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United Nations Environment Programme UNEP

By Andrew Armstrong,2014-01-12 07:06
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United Nations Environment Programme UNEP

    CVHS MUN 2009

    United Nations Environment Programme (UNEP)

    Alternate Energy for Developing and Developed Nations

    Statement of the Issue

     As non-renewable energy sources continue to deplete with each passing year, alternative sources of energy have grown in demand across the globe. Developed nations have sought to increase research into new technologies and promote a greener, more sustainable lifestyle as a way of combating the usage of fossil fuels for energy. The necessity of industrialization for the majority of the world’s nations, along with the

    stagnation that may result from an impoverished citizenry, has left most attempts for the adoption of new energy resources tabled. Experimental and new outlets for harnessing energy are beneficial, but also carry risks. Commonplace alternative energy practices such as biomass, geothermal, and wave energy are dependent on an individual nation’s geographic location and infrastructure. As the world’s population continues to grow, it is imperative that the UNEP continue to work towards the development and implementation of alternative energy sources, while taking into account the environmental factors that could be directly affected by such action.

Background

     In order for a solution coming into fruition, the responsibility of developing new sources of energy must be geared towards the international community, and not an individual nation. The world community must address the extraction and development of fossil fuels, and must clarify necessary investment and safety precautions if a viable plan for weaning the world off of fossil fuels is to develop. It is extremely important for the UNEP to not only understand the origins and workings of different energy forms, but also prevent and solve potential conflicts that could arise between nations. Different energy forms include, but are not limited to:

    Biomass/ Fossil Fuels: Commercial Coal Mining originates in 1740. These fuels are

    harmful to the environment in their production and usage. They are not a renewable energy source.

    Geothermal: It is documented from at least 1500 B.C. that Romans, Japanese, and Chinese Civilizations harnessed geothermal energy sources in hot springs. Water and heat from the Earth’s center can provide renewable energy with only minimal environmental costs. Some amount of technology and investment is necessary for large scale use. Earlier in 2009, Geothermal Rift Valley Exploration and harvesting began.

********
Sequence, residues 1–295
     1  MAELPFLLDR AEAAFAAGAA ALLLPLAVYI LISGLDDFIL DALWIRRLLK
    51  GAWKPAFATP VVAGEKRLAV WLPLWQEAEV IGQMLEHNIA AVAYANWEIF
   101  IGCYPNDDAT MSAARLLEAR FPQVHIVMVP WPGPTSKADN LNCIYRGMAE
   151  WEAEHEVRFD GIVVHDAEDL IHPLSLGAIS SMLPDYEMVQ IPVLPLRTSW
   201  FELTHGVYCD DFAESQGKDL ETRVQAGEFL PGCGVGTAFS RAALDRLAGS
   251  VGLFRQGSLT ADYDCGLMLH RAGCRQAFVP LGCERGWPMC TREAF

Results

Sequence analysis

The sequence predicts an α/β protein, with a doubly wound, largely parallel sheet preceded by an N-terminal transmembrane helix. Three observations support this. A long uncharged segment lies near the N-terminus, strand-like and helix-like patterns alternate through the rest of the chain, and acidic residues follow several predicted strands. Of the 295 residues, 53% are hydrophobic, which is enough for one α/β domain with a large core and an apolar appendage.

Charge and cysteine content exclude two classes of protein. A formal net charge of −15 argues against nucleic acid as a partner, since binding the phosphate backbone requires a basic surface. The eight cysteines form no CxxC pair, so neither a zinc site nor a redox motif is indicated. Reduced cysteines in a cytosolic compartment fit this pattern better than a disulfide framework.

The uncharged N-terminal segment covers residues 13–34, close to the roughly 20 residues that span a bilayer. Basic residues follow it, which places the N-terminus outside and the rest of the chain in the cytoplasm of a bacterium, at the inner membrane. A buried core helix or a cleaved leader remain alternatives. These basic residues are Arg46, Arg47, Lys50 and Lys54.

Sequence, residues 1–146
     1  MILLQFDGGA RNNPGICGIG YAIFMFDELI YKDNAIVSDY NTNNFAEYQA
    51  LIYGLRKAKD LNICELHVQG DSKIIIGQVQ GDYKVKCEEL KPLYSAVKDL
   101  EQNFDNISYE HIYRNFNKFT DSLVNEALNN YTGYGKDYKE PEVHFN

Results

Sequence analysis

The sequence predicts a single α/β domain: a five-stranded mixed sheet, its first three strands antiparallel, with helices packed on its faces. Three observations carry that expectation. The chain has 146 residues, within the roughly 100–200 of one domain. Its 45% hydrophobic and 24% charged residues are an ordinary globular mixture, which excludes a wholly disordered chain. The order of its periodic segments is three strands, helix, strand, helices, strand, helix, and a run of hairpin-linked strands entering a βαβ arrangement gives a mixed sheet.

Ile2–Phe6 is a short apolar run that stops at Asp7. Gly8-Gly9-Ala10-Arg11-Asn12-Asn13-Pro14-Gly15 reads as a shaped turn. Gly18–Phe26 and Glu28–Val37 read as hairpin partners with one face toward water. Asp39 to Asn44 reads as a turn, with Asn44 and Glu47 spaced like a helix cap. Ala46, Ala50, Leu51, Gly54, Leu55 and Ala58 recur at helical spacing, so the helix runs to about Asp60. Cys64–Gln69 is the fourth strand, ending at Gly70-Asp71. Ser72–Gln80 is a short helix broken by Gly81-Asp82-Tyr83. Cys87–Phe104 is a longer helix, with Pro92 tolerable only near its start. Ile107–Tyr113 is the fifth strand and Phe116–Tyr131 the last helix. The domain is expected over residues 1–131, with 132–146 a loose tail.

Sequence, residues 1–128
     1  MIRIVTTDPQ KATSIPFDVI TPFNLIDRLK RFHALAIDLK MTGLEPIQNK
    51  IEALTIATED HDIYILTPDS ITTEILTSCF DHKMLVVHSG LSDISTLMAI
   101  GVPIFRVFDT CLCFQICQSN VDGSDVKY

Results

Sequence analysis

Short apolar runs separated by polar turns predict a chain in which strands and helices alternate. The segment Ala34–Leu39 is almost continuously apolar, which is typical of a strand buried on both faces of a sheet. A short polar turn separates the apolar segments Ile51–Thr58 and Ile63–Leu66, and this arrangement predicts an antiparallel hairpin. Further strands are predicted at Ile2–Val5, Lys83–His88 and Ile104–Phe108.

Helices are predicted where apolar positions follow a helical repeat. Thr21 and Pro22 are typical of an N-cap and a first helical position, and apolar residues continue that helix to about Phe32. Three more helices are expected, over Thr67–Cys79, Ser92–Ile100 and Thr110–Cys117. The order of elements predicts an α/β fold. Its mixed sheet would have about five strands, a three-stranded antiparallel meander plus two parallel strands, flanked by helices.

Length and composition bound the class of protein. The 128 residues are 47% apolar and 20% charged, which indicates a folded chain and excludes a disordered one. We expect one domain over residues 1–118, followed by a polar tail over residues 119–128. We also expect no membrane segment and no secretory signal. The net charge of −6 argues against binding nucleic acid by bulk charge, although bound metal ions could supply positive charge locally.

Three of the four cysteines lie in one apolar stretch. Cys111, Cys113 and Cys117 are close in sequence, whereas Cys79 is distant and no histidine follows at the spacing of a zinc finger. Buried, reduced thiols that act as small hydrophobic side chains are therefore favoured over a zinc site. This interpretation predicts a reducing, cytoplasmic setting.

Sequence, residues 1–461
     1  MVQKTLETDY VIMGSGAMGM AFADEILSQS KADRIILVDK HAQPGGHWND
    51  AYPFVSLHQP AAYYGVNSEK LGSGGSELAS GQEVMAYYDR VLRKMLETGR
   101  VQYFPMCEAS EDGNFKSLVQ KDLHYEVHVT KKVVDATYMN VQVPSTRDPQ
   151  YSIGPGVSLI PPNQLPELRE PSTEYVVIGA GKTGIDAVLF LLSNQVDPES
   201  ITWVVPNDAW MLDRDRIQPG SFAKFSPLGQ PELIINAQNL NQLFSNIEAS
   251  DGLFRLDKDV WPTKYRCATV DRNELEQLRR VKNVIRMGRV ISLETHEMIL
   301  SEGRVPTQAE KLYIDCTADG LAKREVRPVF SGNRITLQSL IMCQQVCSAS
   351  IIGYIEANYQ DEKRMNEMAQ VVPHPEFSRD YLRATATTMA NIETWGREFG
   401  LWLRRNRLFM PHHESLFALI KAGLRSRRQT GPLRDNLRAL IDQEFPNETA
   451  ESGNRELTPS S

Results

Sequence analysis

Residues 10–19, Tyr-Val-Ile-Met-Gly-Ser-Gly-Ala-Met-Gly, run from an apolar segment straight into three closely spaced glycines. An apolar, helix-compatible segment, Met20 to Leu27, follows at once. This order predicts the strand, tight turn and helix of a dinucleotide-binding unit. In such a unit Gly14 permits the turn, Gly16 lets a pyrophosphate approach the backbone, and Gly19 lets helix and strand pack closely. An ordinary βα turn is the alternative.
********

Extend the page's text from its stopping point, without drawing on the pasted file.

Hydrogen: In the 1920’s, fuel cell research for carbonate cycle and solid oxide was developed by German Researchers. Hydrogen Energy is regarded as one of the most complex processes as it exists as an energy carrier, and not source. Hydrogen has the potential to become a viable energy source in the future, but it is currently extremely costly and delicate to extract.

    Nuclear: Originates with 1942’s Manhattan Project. Nuclear Energy has grown

    exponentially in popularity in recent years. Many African nations have recently begun development due to the widespread presence of Uranium mining on the continent. 10-15 years are usually necessary for developing a plant safely.

    CVHS MUN 2009

    Solar: Solar voltaic cells were invented in 1954. Solar panels use photovoltaic cells turning rays into energy. Environmental and Monetary factors however, have limited its potential growth unfortunately.

    Wind: The Wind Turbine was patented in 1931. Wind power is truly sustainable and clean. Only minimal attention is needed to maintain energy producing towers.

Bloc Positions

    Industrialized Nations- These countries have the greatest access to research, investment, and experimentation needed to shed their dependence of non-renewable energy sources. Conflict may arise in regards to major corporations and government subsidies. Recently developed nations such as India, China, Mexico, and Brazil, are currently expanding economic development, and often resort to cheap and non-environmental methods of power to keep up with demand. They are often in competition with wealthier industrialized nations, and find difficulties in following international environmental regulations and standards.

    Developing Nations- These nations are impoverished, and have suffered the most as a result of climate change and lack of economic diversity. Nuclear energy is actively being sought by many of these countries, but the lack of adequate funding and technology has prevented any significant development. They are asked to attempt to be sustainable, but exploitation in the past, has turned most of their focus towards reducing poverty.

UN Involvement

     The United Nations Millennium Development Goals are unable to be met unless world energy supplies are of higher quality and sustainability. The UNEP, The UN Developmental Program, and other UN branches and organs have all worked together in order to ensure international goals are met. In 2003, ECOSOC passed resolution A/RES/37, strengthening for the purpose of environmental and social preservation, and the development of alternative energy resources. This legislation followed The Rio Earth Summit of 1992 and The World Summit on Sustainable Development in 2002. Resolution A/RES/37/251, specifically targets ways of developing resources accessing energy in developing nations. Current actions of The UNEP in addressing this issue include encouraging industrial nations to help the development of renewable energy sources in Developing nations, as well as funding Geothermal Energy Development in Africa.